Officials in Zhangjiakou – which is pronounced a bit like “jong jah coe” – have stopped irrigation across tens of thousands of hectares to conserve groundwater and resettled farmers who lived in what is now the Olympic competition area into high-rise apartments.

Modern China is no stranger to monumental water projects. Its greatest effort to alleviate Beijing’s water problems began long before the Olympics: a colossal series of waterways that transfer trillions of gallons of water a year from the country’s wet south to its thirsty north. Hundreds of thousands of villagers were displaced to make way for the canals. Water from the project accounted for one-sixth of Beijing’s water supply in 2020.

While the Chinese government has made progress on water issues in recent years, scientists and environmentalists say the capital cannot afford to rest on its laurels.

“They still need to do more to conserve water, increase water use efficiency, and ensure social equity in water allocation,” said Ximing Cai, professor of water engineering. water resources at the University of Illinois at Urbana-Champaign. If the Olympics spur a burst of economic development in the hills near Beijing, he said, “the associated water use must be planned carefully.”

But climate change could both increase northern China’s water needs and affect southern China’s ability to supply it. Scientists have found that recent heat waves and floods in China were much more likely to occur due to human-induced climate change.

“In the context of global warming, the risks for major infrastructure projects in China are increasing,” said Zheng Guoguang, the country’s then-top meteorological official. told a Communist Party newspaper in 2015citing among others the South-North transfer project.

Chinese officials claim to limit the impact of snow cover, in particular because the snow produced will be recovered after it has melted to be reused.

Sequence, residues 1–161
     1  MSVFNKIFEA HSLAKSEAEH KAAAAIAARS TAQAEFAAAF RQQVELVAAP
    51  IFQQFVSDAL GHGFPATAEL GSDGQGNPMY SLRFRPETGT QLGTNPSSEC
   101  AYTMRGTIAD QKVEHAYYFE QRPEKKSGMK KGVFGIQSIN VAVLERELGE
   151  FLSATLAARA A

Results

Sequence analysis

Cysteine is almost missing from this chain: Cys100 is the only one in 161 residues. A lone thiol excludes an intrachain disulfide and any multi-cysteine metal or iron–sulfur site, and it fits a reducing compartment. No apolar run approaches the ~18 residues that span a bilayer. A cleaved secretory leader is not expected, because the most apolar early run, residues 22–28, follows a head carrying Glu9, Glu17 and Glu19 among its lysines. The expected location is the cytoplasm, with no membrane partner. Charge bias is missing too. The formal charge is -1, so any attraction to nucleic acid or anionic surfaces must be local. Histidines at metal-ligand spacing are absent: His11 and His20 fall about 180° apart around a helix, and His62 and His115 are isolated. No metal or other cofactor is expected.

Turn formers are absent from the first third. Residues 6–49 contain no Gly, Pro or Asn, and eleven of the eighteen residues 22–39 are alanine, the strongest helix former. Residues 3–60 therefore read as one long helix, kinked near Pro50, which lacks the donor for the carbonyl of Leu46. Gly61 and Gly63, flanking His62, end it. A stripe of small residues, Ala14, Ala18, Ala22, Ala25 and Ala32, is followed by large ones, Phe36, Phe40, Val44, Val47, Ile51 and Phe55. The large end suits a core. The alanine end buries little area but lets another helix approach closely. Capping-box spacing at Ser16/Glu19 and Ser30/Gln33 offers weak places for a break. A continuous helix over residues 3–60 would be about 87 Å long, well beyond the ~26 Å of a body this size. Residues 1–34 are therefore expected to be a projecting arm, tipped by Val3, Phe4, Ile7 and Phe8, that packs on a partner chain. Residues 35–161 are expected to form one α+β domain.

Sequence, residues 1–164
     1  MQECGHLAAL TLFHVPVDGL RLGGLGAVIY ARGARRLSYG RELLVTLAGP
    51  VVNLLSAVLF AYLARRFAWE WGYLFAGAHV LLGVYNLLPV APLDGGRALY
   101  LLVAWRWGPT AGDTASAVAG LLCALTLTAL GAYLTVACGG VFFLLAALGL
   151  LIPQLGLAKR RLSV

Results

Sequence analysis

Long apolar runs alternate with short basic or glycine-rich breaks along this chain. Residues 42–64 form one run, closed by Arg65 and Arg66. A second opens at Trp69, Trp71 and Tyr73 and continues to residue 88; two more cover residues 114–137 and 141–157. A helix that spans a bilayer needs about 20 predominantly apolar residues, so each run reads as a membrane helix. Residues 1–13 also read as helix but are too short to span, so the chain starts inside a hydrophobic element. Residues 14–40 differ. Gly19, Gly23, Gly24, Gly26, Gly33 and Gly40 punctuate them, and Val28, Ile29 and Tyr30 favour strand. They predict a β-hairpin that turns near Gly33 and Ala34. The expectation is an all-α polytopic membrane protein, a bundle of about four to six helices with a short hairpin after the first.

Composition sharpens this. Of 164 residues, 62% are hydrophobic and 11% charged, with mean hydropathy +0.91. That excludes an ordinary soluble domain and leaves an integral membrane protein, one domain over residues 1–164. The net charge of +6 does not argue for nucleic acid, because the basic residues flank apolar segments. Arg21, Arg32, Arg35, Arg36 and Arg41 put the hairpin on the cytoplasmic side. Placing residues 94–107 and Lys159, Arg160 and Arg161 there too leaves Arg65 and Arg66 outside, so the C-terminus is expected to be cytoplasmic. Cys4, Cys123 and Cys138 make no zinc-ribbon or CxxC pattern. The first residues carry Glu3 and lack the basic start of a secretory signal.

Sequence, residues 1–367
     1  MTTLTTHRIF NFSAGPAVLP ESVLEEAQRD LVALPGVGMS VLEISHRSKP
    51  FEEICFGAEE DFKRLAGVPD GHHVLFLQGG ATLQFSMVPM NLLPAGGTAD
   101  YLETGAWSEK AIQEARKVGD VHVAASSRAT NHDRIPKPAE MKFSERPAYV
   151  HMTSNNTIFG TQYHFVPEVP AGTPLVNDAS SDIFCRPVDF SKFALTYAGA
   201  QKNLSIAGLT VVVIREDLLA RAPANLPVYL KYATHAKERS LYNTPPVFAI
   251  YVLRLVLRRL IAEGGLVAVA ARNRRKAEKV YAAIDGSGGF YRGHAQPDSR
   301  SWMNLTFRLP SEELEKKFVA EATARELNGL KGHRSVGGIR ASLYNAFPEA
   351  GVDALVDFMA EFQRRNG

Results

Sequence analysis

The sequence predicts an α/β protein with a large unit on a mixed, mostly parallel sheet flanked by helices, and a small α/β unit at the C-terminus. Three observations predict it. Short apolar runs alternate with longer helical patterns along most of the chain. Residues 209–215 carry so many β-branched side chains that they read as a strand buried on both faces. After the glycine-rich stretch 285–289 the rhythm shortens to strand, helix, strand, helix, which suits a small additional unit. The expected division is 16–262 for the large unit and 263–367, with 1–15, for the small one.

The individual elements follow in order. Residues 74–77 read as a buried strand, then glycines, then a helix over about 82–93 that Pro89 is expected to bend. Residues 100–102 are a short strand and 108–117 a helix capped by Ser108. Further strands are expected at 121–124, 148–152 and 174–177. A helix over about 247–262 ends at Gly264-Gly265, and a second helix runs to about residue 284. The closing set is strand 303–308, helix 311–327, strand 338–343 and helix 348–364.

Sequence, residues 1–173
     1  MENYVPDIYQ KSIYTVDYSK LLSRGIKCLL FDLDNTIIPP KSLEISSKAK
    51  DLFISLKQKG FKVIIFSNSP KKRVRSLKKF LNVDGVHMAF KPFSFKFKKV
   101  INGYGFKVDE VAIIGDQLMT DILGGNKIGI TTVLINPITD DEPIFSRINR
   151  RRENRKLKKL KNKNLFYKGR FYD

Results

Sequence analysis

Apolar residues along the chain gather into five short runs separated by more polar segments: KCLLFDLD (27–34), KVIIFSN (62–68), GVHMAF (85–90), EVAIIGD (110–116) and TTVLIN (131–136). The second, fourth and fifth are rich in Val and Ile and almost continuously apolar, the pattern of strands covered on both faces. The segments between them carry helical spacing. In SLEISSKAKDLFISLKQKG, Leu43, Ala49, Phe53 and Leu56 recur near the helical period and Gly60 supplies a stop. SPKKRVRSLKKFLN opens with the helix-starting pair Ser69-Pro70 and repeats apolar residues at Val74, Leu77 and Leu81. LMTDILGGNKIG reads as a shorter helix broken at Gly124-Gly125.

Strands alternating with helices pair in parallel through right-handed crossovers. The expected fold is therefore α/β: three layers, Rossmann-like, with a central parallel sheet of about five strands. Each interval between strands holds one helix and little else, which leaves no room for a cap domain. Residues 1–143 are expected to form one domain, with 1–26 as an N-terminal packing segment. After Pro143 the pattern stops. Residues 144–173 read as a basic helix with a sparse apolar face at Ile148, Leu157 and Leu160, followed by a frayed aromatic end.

But scientists studying snowmaking have found that some of the water evaporates after it’s expelled from a cannon but before it can crystallize into flakes. Some of the flakes are blown away. Some droplets do not freeze completely and end up flowing into the ground.

Two Swiss researchers, Thomas Grünewald and Fabian Wolfsperger, conducted experiments at a ski resort near Davos and found that up to 35% of the water used for snowmaking was lost in this way. (Water that seeps into the ground isn’t completely gone, of course. It helps replenish groundwater.)

Still, Wolfsperger said, “It’s definitely not environmentally friendly” to build a ski resort near a water-scarce place like Beijing. “But winter sports have never been that in general.”

Other research has shown that artificial ski slopes can erode soil and degrade vegetation, regardless of the type of snow they use.

For skiers and snowboarders, competing entirely on artificial snow changes everything about how they prepare for the Olympics, the biggest event of most of their lives, from the wax they use to increase the speed, in training for the increased risk of a smoother surface. . In hot weather, artificial snow surfaces tend to break down faster than natural snow, athletes said.

“It’s not the first time we’ve raced on artificial snow, and sadly it doesn’t look like it’ll be the last,” said Jessie Diggins, 2018 cross country gold medalist and turned activist. of climate change. during the last years.

“It’s harder and more icy and turns differently depending on the weather,” she said. “And because it’s faster, some descents ski much faster when you’re riding. That can make the course – I don’t mean dangerous – but harder to figure out how you’re going to navigate the turns.”

In certain conditions, however, such as the very cold temperatures expected in China, downhill skiers sometimes prefer artificial snow, as technicians can produce wet flakes that freeze into the type of smooth, hard surface they prefer.

“It’s denser,” said Travis Ganong, an American sprinter. “It doesn’t really flake, and when it’s groomed, it gets more packed. It sits really well and becomes very even. It’s actually how we like it.

Keith Bradsher contributed report.